And back to you

You will suffer from the common cold again despite building an immunity to it. You’re not combating the same disease you had beaten a while ago. The one is different. It’s stronger. Of course, like earlier, your system will fight this one just as valiantly and make sure you’ve come out of it healthy.

Strength of the illness
Your immunity
Their immunity

The entire process happens over and over in an endless cycle. You never ail twice of the exact same ailment.

Something about vaccination?!

Yes, vaccination is very important. Of course, it’s a lengthier subject to discuss and we will be doing that from time to time. For now, let’s try and understand its importance in this context.

Vaccination allows one to develop an immunity to the disease without the unnecessary hassle of letting one suffer from the illness. It does so by introducing a severely weakened version of a disease into the system, triggering an immune response. The immune system creates antibodies for the illness thus ensuring, that if the more potent version of that disease ends up in your system, you will already have the antibodies for it. Vaccination also prevents the disease from evolving and getting stronger as it is destroyed by the body almost as soon as it arrives.

A failure to vaccinate makes one susceptible. In addition, since the disease has a non-hostile host, it can evolve and supersede the scope of the vaccination, thus posing certain danger to even those who have vaccinated. To avoid vaccinations is to needlessly cause suffering.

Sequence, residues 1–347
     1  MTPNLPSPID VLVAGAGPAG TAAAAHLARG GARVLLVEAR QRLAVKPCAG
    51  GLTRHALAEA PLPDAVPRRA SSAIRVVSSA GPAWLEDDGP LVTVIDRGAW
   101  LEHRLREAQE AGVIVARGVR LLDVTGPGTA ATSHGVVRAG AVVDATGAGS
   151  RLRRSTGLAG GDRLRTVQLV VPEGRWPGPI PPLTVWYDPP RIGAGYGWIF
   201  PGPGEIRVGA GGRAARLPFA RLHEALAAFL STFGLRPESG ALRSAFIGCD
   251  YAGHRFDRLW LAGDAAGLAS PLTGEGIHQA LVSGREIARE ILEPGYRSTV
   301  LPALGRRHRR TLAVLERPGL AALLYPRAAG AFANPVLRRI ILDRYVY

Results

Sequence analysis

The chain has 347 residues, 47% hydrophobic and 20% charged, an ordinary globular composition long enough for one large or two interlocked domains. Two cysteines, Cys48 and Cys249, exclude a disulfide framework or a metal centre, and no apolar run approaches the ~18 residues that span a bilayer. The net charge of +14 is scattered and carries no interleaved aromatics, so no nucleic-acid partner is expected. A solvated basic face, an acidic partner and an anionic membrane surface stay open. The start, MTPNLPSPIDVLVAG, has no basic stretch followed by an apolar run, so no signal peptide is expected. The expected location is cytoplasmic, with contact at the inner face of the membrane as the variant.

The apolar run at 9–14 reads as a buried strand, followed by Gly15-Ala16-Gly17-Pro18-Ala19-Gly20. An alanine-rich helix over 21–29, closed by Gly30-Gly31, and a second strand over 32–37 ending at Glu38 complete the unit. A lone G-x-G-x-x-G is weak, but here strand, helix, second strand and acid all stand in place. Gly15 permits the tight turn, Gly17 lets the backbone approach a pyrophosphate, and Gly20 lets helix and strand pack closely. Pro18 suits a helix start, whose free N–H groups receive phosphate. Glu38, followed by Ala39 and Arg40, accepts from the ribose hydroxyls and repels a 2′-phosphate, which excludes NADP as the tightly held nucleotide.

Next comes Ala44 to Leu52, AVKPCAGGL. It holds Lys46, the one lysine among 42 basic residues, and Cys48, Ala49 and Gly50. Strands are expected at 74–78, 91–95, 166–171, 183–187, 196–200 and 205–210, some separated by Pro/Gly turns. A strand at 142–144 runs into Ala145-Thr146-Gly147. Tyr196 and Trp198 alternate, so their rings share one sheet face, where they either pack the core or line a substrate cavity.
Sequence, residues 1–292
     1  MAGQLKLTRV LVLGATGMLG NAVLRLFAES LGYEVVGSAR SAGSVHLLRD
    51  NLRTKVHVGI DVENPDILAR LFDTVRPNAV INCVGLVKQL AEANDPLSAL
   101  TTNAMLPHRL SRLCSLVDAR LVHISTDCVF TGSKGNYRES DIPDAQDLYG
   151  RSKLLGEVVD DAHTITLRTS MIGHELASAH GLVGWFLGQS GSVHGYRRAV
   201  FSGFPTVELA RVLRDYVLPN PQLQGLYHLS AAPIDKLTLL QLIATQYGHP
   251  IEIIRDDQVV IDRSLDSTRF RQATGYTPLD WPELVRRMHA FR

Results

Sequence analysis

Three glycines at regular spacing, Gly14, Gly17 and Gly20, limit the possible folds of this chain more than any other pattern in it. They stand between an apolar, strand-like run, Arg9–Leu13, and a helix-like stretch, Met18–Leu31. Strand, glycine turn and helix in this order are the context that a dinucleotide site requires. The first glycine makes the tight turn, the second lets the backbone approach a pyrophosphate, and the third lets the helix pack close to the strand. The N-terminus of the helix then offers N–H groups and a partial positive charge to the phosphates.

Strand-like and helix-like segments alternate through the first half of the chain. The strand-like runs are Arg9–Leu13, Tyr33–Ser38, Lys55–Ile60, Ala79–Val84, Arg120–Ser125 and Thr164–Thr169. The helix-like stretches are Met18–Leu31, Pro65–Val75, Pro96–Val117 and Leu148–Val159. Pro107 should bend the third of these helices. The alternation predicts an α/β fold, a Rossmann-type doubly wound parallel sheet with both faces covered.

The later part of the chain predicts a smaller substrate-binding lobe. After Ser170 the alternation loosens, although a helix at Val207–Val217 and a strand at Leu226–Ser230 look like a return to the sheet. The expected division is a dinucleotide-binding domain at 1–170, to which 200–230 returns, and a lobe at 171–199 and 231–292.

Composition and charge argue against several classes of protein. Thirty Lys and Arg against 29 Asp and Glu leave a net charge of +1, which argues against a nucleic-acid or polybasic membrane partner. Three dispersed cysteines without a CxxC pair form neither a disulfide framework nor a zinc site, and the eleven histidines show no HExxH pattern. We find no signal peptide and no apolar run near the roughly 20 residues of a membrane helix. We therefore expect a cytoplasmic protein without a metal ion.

Final words

Evolution isn’t a fantasy of the ungodly. It’s not a fabrication. It’s very real. It’s happening all around us. It’s happening right now. The most common argument cited against the theory of evolution is that it cannot be directly observed. They’re mistaken. It can be observed and it’s extremely easy to do so. It’s evolution that makes diseases able to strike us repeatedly. Evolution, however, also ensures that only those best suited to combat those ailments carry forward their lineage. Those with systems stronger than the disease will live long enough to procreate.

Luckily, for us, we’re no longer at the mercy of nature. We’ve learnt how things work and we’ve got better at keeping ourselves alive. We are the way we are because of science and we’ve got to do our best to keep it that way. Being science educated is no longer the exclusive domain of scientists.

Think!